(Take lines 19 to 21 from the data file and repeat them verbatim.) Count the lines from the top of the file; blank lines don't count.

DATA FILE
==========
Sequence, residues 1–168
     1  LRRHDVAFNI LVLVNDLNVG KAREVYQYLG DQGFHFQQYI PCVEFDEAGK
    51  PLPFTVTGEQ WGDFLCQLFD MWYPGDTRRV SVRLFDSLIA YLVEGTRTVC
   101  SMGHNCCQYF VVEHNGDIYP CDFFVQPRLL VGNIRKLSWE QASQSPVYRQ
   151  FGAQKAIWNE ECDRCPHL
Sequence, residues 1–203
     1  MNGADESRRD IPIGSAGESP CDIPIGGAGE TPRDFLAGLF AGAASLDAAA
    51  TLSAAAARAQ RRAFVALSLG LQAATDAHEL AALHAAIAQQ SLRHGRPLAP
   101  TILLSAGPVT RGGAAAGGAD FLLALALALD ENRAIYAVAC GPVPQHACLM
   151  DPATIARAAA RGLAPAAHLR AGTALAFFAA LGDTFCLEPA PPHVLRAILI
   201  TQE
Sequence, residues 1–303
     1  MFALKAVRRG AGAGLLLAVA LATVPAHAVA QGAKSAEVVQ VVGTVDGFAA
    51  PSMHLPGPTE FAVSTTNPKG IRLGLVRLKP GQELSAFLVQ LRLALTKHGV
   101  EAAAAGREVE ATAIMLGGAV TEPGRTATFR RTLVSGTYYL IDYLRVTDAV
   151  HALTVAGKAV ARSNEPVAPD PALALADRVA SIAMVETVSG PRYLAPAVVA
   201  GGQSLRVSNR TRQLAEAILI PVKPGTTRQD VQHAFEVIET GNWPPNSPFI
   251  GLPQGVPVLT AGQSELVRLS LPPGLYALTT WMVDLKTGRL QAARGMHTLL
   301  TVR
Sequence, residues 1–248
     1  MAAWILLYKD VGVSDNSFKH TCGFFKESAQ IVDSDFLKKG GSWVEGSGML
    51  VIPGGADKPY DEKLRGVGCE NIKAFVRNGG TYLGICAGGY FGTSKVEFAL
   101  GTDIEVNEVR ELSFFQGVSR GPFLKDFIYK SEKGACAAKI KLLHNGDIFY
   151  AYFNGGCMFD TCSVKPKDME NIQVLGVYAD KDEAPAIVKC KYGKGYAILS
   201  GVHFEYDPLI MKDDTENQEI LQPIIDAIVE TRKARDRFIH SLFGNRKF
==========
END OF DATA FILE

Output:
   301  TVR
Sequence, residues 1–248
     1  MAAWILLYKD VGVSDNSFKH TCGFFKESAQ IVDSDFLKKG GSWVEGSGML